Family Bible Study lesson for Sept. 8: God is Just
August 23 2002 by John Tagliarini , Ezekiel 18:1-3, 19-20, 23-32

Family Bible Study lesson for Sept. 8: God is Just | Friday, Aug. 23, 2002

Friday, Aug. 23, 2002

Family Bible Study lesson for Sept. 8: God is Just

By John Tagliarini Ezekiel 18:1-3, 19-20, 23-32

Ezekiel performed one of the most difficult ministries imaginable. He preached judgment to a people already partially exiled because of sin. God's word came not as a curt, "told you so," but as a clear exhortation to repent and receive His tender mercies. Chapter 18 explains the judgment of God. The message is simple: the Lord is just in His dealings with man, wherein every individual is accountable to God.

An irresponsible attitude (Ezekiel 18:1-3) Verses 1-3 certainly show the irresponsible response of a hurting people. I prefer to include verse 4 in the focal passage because it brings the attention back to God. God called for His people to stop using this proverb to shift blame from themselves. In verse 4, God affirms the center of all spiritual realities. We belong to God. "The soul of the father is mine, the soul of the son is mine." All souls belong to God.

We will quit pronouncing pithy sayings in puerile protests of self-defense as soon as we realize the inescapable truth that we will each one deal directly with God.

A child's environment, no matter how desperate, never excuses his or her shortcomings before God. How much less does our sad history excuse our present rebellion?

Individual accountability (Ezekiel 18:19-20) The proverb sidestepped an honest self-assessment of the people's responsibility. As God called their attention back to Himself, He explained the depth and breadth of their sin in the background verses. Stated both positively and negatively, the seriousness with which God treats sin is obvious. These are matters of life or death. Idolatry, adultery, oppression of the poor, robbery, usury, lack of benevolence, faithlessness and violence delineate the soul who sins from the man who is righteous and practices justice.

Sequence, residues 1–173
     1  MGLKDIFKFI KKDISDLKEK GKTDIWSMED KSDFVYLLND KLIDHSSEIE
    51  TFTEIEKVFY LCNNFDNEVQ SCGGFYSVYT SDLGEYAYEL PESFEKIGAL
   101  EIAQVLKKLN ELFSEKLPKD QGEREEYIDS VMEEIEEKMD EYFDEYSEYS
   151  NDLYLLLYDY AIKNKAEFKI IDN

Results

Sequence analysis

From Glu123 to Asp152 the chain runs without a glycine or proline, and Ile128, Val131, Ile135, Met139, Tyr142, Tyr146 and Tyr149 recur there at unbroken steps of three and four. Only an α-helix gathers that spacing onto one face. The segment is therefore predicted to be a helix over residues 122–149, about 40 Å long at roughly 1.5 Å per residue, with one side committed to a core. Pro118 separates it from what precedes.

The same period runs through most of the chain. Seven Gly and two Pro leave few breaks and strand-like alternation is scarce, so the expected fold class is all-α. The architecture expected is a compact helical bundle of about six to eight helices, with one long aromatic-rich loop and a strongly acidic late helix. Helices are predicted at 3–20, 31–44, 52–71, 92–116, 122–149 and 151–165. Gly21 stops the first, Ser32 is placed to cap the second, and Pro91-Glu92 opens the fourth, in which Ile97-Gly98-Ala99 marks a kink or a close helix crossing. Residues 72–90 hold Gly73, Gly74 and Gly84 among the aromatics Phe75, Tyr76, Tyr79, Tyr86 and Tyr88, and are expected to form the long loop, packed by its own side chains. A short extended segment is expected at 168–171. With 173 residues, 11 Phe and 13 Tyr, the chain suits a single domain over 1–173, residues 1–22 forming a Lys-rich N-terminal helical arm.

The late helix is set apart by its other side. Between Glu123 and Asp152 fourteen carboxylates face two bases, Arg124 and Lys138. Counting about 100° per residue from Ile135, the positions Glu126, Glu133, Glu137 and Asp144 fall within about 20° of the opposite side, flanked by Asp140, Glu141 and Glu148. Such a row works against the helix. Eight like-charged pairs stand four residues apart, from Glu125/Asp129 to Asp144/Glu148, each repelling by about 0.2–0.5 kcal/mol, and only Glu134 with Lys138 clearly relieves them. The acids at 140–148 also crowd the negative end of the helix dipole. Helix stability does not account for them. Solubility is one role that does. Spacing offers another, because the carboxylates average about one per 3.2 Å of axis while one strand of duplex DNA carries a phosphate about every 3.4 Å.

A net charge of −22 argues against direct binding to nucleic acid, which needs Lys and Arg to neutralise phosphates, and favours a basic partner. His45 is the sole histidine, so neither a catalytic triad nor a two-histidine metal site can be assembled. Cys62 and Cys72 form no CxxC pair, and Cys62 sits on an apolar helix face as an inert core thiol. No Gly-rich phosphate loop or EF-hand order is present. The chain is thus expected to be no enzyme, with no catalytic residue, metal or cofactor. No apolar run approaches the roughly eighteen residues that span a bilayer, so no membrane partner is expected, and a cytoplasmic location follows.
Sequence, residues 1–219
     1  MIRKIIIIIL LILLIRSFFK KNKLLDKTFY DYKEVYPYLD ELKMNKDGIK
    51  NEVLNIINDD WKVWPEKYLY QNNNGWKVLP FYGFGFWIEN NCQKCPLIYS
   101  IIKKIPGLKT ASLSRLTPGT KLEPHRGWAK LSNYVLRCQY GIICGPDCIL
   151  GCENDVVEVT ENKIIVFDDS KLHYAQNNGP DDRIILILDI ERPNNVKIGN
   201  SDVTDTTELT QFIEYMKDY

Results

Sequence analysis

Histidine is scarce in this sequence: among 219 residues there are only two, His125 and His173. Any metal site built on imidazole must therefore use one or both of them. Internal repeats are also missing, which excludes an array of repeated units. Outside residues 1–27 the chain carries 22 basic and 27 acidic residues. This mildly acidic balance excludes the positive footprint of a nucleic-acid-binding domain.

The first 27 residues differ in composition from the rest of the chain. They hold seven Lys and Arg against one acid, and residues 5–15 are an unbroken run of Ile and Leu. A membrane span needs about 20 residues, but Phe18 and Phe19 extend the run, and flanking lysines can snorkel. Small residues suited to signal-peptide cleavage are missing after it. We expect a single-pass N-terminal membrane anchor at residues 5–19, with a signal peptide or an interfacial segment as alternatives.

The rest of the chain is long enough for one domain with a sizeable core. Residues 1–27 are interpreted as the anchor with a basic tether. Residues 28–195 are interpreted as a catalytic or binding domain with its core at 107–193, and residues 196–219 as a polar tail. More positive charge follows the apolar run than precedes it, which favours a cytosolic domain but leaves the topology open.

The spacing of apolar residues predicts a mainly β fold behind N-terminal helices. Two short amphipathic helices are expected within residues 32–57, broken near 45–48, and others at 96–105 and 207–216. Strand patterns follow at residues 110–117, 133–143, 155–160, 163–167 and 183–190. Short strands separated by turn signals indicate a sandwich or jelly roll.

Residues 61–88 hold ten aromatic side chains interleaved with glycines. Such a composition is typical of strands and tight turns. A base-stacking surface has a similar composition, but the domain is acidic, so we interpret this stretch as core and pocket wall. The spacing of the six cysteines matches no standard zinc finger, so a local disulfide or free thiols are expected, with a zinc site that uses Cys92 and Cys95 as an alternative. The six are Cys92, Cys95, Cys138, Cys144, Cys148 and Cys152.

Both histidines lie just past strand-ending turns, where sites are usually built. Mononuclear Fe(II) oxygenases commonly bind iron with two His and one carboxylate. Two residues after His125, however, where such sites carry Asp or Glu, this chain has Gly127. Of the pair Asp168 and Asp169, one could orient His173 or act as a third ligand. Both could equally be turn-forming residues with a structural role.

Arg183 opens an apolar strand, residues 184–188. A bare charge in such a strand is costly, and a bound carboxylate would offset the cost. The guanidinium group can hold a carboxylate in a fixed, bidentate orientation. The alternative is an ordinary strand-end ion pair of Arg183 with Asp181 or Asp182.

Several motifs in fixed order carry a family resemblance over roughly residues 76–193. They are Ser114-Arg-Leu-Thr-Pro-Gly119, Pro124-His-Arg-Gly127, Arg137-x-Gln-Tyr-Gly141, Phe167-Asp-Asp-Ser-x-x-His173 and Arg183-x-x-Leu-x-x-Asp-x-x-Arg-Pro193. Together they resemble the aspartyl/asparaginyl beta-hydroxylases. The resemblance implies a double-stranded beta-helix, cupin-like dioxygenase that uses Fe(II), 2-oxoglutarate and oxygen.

The argument prompts a supposed question from the people. "Why should the son not bear the punishment for the father's iniquity?" (v. 19). The answer is sobering, "When the son has practiced justice and righteousness he shall surely live. The person who sins will die." (v. 20). No escape clause since Adam blamed Eve, who blamed the serpent, opens any loophole for our exit.

A just God (Ezekiel 18:23-29) Verses 25 and 29 cite protests from the Israelites claiming God is not right. The ensuing argument against Israel turns upon the justice of God's dealings with mankind. When a person repents unto righteousness, life results. If a person persists in or turns to wickedness, the result is death. In light of, and because of our tendency toward sin, we respond to this by blaming anyone but ourselves. Ultimately, we convince ourselves that God Himself is not just to hold us accountable. We think we deserve better.

The greatest clue to God's justice comes in verse 23. God has pleasure in our repentance, righteousness and life. He takes no "pleasure in the death of the wicked." This is a just God! We gain understanding of the depth of God's compassion as we embrace the cross of Jesus, but the passionate desires of a just God were made clear to the Israelites as well.

A call to repent (Ezekiel 18:30-32) The phrases, "repent," "turn away," and "cast away," are brought into balance by "make yourselves a new heart and a new spirit!"

Again God affirms His displeasure in the death of the wicked. Again God lays before us the path of life. A person who repents will find freedom from his or her stumbling over sin. That person will receive a new heart and a new spirit.

Salvation has always been an internal matter, an issue of the heart. Old Testament, even some New Testament, writings might be misread to suggest a legalistic obeisance as the way of the Christian life. Legalism approaches God from the wrong direction. God looks for a changed life, which comes from the deepest reaches of our souls. He looks for our will to decide to trust and follow Him completely.

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8/23/2002 12:00:00 AM by John Tagliarini , Ezekiel 18:1-3, 19-20, 23-32 | with 0 comments
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